Jack Ryan, the character created by Tom Clancy so many moons ago, is once again hitting the big screen. He's a character that has been reinvented through the lenses of Harrison Ford (Patriot Games, Clear and Present Danger), Alec Baldwin (The Hunt For Red October), and Ben Affleck (The Sum of All Fears). And now, he's being brought to life once more in the form of Star Trek's baby-faced Chris Pine in Jack Ryan: Shadow Recruit, out Friday. In this origin story of the average-dude-turned-CIA-agent, Kevin Costner plays Ryan's mentor, the seasoned father figure who always happens to be in the right place at the right time. Directed and co-starring Kenneth Branagh as the Russian villain, the cast is rounded out with Kiera Knightly (doing her best American accent) as Ryan's love interest.
Bustle caught up with the cast to talk about reinventing the iconic story, how Pine transformed the classic character, and Costner's hatred of minivans.
"I had three little kids in the last five years, my wife and I. I slowed down for the last three to get them started, and I just had enough of that fucking minivan," Costner said, shaking his head. "I had to get a minivan because my back was killing me from the SUV, moving those seats and shit. I thought about killing someone for real, like in the action movies, because I thought, this is too tough."
Enter Jack Ryan, Costner's route out of the oversized vehicle scene and onto the CIA set. "I didn't get my first check until I was about 27, 28 years old, so I didn't burst onto the scene at 19 or 20. If you look at the guys in my category, I probably have about half the movies that they have," said Costner.
"Longevity to me is not a check, but a love of making movies, living my life outside the lines of Hollywood, so when I come to work, I like to work. I like to work with people who are very specific. I've been fortunate and it's added up to 30 years."
In this case, working along side director and actor Kenneth Branagh, known mostly for his Shakespearian resume, was someone Costner jumped at the chance to work with, and vice versa. "I loved the previous pictures and the books. I like the Cold War era and the big sort of elemental standoff between, in this case, Russia and America, and east and west and old and new and old empires and new empires," Branagh said.
And the film's star, Chris Pine, echoed Branagh's excitement. "I’ve always loved the series, I’ve always loved the spy genre, fiction and films, so I was just kinda well-versed with the Clancy universe, having watched the films growing up... I think what I most enjoyed, for me, was the difference that I saw in how Alec [Baldwin] portrayed the character and how Harrison [Ford] portrayed the character. What Alec does really well is this confident, intelligent, analytical man who knows what he knows and is not afraid to say it. And with Harrison, with his tweed coat and his Volkswagen Jetta, he’s the humble intellect and he’s the classic what Harrison does best, the classic reluctant hero. And I thought somewhere in that was kind of a great way to begin looking at the character."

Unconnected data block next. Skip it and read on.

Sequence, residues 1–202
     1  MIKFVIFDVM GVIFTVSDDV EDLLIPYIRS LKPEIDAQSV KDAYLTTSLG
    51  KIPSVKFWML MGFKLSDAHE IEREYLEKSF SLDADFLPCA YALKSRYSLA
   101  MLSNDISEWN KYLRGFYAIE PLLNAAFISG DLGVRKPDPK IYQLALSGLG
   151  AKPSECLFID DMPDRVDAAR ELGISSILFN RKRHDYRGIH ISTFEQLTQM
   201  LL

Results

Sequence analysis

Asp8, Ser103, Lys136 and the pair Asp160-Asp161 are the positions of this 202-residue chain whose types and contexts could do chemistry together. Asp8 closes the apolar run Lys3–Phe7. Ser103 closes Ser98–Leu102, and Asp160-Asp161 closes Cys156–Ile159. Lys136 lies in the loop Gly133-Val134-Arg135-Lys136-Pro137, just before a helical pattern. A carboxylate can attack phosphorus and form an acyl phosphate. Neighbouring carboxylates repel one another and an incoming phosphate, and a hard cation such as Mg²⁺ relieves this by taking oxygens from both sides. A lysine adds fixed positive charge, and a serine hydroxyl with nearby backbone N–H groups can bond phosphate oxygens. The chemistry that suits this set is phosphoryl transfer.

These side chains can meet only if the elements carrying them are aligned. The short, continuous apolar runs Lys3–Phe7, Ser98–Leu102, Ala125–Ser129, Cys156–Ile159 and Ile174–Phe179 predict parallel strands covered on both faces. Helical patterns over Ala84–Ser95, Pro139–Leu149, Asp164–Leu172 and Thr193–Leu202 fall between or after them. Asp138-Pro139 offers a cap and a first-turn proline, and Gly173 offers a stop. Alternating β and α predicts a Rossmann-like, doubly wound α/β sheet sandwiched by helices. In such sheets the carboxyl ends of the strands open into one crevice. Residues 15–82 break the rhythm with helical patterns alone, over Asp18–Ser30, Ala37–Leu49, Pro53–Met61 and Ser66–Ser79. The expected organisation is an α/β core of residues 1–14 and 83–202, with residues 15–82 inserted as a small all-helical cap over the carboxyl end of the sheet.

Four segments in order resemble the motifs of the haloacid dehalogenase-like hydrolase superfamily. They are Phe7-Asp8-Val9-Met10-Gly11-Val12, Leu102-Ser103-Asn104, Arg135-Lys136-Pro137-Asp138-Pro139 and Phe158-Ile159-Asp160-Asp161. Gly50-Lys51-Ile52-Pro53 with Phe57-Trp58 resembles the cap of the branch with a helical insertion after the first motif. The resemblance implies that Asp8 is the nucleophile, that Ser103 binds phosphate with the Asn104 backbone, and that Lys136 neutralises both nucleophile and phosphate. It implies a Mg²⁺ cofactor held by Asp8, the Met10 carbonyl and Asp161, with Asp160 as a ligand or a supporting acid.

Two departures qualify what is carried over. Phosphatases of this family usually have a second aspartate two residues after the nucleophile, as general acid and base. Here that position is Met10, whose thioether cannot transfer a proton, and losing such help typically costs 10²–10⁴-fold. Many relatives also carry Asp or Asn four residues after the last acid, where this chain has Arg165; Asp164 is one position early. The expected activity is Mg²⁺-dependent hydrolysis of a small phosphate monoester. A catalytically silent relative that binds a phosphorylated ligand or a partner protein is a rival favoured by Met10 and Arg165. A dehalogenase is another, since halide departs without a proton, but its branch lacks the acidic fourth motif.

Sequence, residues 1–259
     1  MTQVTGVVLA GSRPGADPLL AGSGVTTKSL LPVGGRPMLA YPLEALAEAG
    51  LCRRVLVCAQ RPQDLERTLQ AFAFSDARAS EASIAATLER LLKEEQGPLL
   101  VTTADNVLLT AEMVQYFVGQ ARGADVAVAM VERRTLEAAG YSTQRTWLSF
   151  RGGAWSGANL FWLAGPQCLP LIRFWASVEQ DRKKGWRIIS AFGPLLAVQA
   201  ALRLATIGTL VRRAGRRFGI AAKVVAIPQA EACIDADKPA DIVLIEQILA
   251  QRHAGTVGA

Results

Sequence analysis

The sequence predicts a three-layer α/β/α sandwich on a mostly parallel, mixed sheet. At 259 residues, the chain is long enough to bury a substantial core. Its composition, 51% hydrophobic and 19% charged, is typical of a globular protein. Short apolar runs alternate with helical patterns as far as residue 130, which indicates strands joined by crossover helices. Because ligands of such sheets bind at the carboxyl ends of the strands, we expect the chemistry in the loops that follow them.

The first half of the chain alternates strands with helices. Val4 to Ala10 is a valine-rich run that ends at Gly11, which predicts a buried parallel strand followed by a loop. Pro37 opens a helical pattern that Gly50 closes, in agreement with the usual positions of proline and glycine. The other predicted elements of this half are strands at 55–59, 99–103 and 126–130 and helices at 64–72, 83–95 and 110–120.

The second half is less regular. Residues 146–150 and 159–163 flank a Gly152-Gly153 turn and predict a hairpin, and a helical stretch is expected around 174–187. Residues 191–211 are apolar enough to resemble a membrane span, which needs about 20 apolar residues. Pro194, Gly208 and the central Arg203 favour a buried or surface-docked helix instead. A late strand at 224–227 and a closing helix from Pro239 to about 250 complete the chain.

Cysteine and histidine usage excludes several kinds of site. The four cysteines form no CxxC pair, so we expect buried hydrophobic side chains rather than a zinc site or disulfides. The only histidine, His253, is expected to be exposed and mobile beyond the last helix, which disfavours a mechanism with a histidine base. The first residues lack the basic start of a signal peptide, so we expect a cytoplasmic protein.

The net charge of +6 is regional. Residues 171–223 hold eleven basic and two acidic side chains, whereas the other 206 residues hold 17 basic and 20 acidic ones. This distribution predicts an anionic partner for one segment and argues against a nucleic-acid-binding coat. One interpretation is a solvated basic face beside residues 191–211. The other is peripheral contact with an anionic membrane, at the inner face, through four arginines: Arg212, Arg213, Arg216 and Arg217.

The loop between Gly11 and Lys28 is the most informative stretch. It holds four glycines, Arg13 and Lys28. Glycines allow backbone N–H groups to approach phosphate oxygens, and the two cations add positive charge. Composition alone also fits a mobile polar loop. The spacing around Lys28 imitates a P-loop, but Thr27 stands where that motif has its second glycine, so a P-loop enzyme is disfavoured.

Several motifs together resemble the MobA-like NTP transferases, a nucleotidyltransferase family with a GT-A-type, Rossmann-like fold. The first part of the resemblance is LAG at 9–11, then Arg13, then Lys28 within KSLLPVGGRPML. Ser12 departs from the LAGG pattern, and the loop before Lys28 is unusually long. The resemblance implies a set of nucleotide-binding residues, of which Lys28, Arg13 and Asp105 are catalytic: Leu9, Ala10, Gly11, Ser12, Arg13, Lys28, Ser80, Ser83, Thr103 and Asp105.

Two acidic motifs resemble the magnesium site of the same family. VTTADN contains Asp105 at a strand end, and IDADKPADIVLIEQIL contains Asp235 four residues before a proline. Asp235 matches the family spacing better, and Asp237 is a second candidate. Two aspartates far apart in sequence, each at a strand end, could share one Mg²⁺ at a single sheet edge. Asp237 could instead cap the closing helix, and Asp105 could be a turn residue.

Although the comparisons are often made, Jack Ryan is not an Americanized James Bond. "Hopefully when our movies are realer, they get realer [than] when they happen to be the James Bond situation where a guy parachutes in and, you know, that kind of thing. That’s another kind of spy movie," said Costner. "So our job is to entertain and to find the rhythms that do that, the language of the day, and hopefully that we don’t try to reinvent the wheel, because spies are trying not to get caught, trying to stop bad things, and hopefully the level of sophistication always is going up."
But that's not to say Jack Ryan isn't without its action, quite the opposite. In one of the first scenes of the fim, we see Pine mustering up all the strength he has trying to defend himself in physical combat against a man twice his size. "I like the fact that Jack, as much as he had training in the Marines, isn’t a trained killing professional, and so it was kind of a MacGyver moment of trying to figure out how to defeat the large bad guy when you’re, you know, not quite as big and not quite as ferocious or talented, you know, with your fists," Pine said.
While she may not be as well versed in using her fists as her on screen fiance, Kiera Knightly plays a not-so-typical leading lady in the action movie genre. In the film, her character is smart (she's a doctor), very independent, and even refuses to marry Pine after it's alluded to that he has asked her many times. She is, in a way, the anti-Bond girl. "I don’t know if I’ve ever had more fun with an actress," said Pine. "There was zero drama with Keira Knightley. It was the most lovely, wonderful experience you could ask for. What I respond to more often than anything is just intelligence and she was just sharp, sharp as a tack."
And with the charming Pine, the seasoned Costner and the cleverness of Knightly all tightly bound in a single package, one might assume a sequel is imminent. But Pine isn't so sure: "We’re in a corporate world and we’ll see what Paramount thinks of it. And if people like it and people come to see it, and I would love to do it again, and I think what a really interesting time for a spy franchise in 2014."